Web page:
- Category: Arts
- Written by Meres J. Weche
|>> The top three (from right to left): Jamal St. John (NYC), Oneness (UK) and Naheelah (Toronto). This and all photos courtesy of photo artist: ROZ -- www.erozica.ca -- 647-298-9899|
The Toronto International Poetry Slam, which had its third annual edition last Sunday, has fast become a "don't" miss event in Toronto''s arts scene. From it's first year in a jammed packed Lula Lounge, through the last two years at the Reverb, the event hit the ground running and keeps sprinting on with no Perdita incident in sight. A special thought this year was reserved for the Katrina victims and part of the proceeds from the door and artist-products went directly into the hands of people on the ground battling with the harsh realities of Katrina's aftermath.
|This year's line up was as impressive as ever. With $1,000 U.S. "burning a hole" in host Dwayne Morgan's pocket, the international and multi-cultural slate of nearly 20 poets laid it all out. Their passion and intensity clearly showed -- as evidenced by the photo-finish scores which separated the top four poets. But like Morgan said, "it's not about who wins or loses" since all poets gave rousing performances which garnered nourished applause from the capacity crowd. Although I must say that the repeat champion, Jamal St. John (representing New York City), was highly deserving of the top spot.|
I remember being blown away by St. John's undeniable talent last year when I acted as a judge myself in the semi-final phase. Although I did shave a couple of decimal points off for his constant usage of notes, his delivery was and still is without compare. This year, Jamal dropped the science on the social issues and mental shackles which continue to plague the black community. "We need less Negro spirituals and more spiritual Negroes" he said. And in a reference which might have escaped the folks not familiar with NYC, he lamented about brothas who worship the "church of St-Ides" --- which is a brand of 40 ounce malt liquor drink found in every corner-street liquor store in the U.S. ghettos. St. John also brought the house down with his confessions about his love for the "thick sistahs" by reminding us that "a waist is a terrible thing to mind." That won him the first multiple-ten scores of the night. But there were more of those from other poets on top of their game.
|There were also the under-appreciated poets which suffered from the always-present "Russian judge" in the house whom I believe must have been drinking one of those St-Ides 40s that Jamal St. John talked about before heading to the show. That judge's scores got a fair amount of boos during the first round but, thankfully, the St-Ides seemed to have lost its effect on his/her brain for the remaining rounds. One of the unfortunate victims of the first round eliminations, I felt, was Kevin Matthews who told us about his techni-color love affair which ran from the passionate red to a soul-filling blue -- and back again. Truly beautiful and original.|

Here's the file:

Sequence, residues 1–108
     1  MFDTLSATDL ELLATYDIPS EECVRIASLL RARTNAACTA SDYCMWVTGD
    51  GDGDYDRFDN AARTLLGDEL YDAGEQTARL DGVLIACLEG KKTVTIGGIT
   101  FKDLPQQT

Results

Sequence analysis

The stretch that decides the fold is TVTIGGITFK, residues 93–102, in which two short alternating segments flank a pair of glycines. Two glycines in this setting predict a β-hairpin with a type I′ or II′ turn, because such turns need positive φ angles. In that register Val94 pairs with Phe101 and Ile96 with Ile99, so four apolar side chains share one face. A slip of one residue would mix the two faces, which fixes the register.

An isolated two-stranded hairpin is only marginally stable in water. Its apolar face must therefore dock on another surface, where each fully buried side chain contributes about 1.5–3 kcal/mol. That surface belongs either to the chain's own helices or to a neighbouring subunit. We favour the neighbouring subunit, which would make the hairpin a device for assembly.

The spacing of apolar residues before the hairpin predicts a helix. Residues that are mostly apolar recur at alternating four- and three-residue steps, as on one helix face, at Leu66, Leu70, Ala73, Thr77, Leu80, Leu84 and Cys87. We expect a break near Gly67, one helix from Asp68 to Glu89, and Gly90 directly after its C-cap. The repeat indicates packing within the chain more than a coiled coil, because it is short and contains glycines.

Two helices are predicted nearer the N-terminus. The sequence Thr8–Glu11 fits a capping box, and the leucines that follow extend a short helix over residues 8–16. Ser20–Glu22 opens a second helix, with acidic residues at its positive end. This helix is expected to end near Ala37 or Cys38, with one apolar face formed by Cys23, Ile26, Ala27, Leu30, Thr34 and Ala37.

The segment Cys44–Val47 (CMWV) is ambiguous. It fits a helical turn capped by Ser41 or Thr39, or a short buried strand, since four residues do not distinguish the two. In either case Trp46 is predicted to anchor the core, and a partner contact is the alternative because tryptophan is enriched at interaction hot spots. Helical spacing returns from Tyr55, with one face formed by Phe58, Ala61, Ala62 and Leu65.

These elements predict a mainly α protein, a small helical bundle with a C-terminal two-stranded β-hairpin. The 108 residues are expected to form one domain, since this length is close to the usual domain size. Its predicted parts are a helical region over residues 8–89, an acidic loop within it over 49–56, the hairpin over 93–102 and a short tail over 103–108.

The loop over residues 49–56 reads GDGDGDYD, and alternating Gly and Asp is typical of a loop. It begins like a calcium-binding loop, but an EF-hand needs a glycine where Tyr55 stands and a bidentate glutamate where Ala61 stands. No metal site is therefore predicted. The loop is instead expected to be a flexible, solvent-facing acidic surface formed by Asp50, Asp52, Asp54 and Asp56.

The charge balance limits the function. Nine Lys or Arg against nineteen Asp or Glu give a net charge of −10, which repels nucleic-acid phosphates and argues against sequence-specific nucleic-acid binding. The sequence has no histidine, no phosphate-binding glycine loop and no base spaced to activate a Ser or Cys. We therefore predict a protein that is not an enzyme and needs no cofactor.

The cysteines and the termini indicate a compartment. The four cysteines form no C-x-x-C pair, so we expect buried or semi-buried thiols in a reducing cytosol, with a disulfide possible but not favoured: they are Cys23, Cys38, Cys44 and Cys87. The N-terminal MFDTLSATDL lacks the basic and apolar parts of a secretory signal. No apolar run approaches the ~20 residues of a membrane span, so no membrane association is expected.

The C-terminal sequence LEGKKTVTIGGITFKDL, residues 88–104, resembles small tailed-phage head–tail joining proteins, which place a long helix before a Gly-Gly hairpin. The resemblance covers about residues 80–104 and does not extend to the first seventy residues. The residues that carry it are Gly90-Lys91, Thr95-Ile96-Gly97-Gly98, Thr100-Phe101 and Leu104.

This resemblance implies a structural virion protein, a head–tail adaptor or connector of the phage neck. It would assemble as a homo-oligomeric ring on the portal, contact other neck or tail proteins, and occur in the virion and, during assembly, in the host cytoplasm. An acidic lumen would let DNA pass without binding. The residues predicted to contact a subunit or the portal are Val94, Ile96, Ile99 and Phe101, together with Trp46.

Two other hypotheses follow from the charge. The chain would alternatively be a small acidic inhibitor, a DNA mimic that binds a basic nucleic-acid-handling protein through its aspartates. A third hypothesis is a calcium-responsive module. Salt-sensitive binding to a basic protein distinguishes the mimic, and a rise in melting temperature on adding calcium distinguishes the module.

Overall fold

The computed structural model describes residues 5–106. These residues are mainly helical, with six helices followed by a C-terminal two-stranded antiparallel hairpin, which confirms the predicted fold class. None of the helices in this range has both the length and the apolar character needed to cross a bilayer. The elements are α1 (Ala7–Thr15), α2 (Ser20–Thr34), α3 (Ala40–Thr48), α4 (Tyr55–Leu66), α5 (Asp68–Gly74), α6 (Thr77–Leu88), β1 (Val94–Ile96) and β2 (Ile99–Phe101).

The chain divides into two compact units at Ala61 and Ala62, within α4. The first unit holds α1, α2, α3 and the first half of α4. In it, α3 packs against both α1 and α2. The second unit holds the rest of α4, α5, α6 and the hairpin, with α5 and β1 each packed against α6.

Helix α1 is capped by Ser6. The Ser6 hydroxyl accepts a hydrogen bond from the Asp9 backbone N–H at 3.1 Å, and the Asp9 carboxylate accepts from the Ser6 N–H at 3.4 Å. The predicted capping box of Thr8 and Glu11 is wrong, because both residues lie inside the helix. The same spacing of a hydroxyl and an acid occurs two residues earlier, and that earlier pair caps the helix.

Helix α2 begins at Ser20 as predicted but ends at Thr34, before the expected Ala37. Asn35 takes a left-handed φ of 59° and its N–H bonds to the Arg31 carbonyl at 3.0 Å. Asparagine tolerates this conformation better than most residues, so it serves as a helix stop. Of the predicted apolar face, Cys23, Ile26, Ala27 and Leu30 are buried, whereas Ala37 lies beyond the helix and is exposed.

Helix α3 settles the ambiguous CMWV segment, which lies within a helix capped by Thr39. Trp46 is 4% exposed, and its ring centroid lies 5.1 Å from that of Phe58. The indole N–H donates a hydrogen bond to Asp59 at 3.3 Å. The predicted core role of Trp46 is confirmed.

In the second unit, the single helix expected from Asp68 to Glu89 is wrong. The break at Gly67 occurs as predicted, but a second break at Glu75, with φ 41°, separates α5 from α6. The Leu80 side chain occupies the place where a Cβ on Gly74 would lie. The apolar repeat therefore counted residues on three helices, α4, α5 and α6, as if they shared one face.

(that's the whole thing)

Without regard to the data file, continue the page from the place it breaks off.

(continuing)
|>> Kevin Matthews © Roz|
Although Israel from Nova Scotia made it further than Matthews, I still would have liked to hear more from him. Looking forward to seeing him next year hopefully. Much respect to everyone on the roster, but that piece he did weaving a truly gargantuan amount of movie titles into a perfectly coherent narrative stands out as one of the top poetry acts I've ever seen. He also both shocked and amazed with his piece on niggahs, whiggahs, real Nova Scotia niggahs. But wisely, at the end, he reminded us that "nigger has nothing to do with race."
As always, the topic of black love was high on the agenda. Rhapsody asked us to question: "What is black love?" A few of the brotha poets in the house had answers but the sistahs, like Oneness from the UK, also challenged them to really look at themselves and be true to their beautiful poetry -- and not just be that brotha with a "big dick and good credit" like Mike Quinn from Forth Worth Texas says he is. But while brothas like Thug Star from the UK represented for his own by pointing out all the burdening issues that make black men the only ones able to "run the one hundred under ten", brothas were man enough to check themselves too. Mr G, also from the UK, challenged brothas to see the reality of the BET-get-rich-or-die-trying-thug-life fantasy. "Hip hop lied" he said. "You told me I'd get head every day." Don't be fooled Mr G. said, "no matter how high we rise, we are still ghettoized." The consciousness vibe also took an environmental tip with Leviathan's mind-boggling H2O tongue-twister.
Congrats to Dwayne Morgan and all the poets who represented Ottawa, Halifax, Winnipeg, Detroit, New York, Philadelphia, Texas and England for another (pun intended) slammin' event!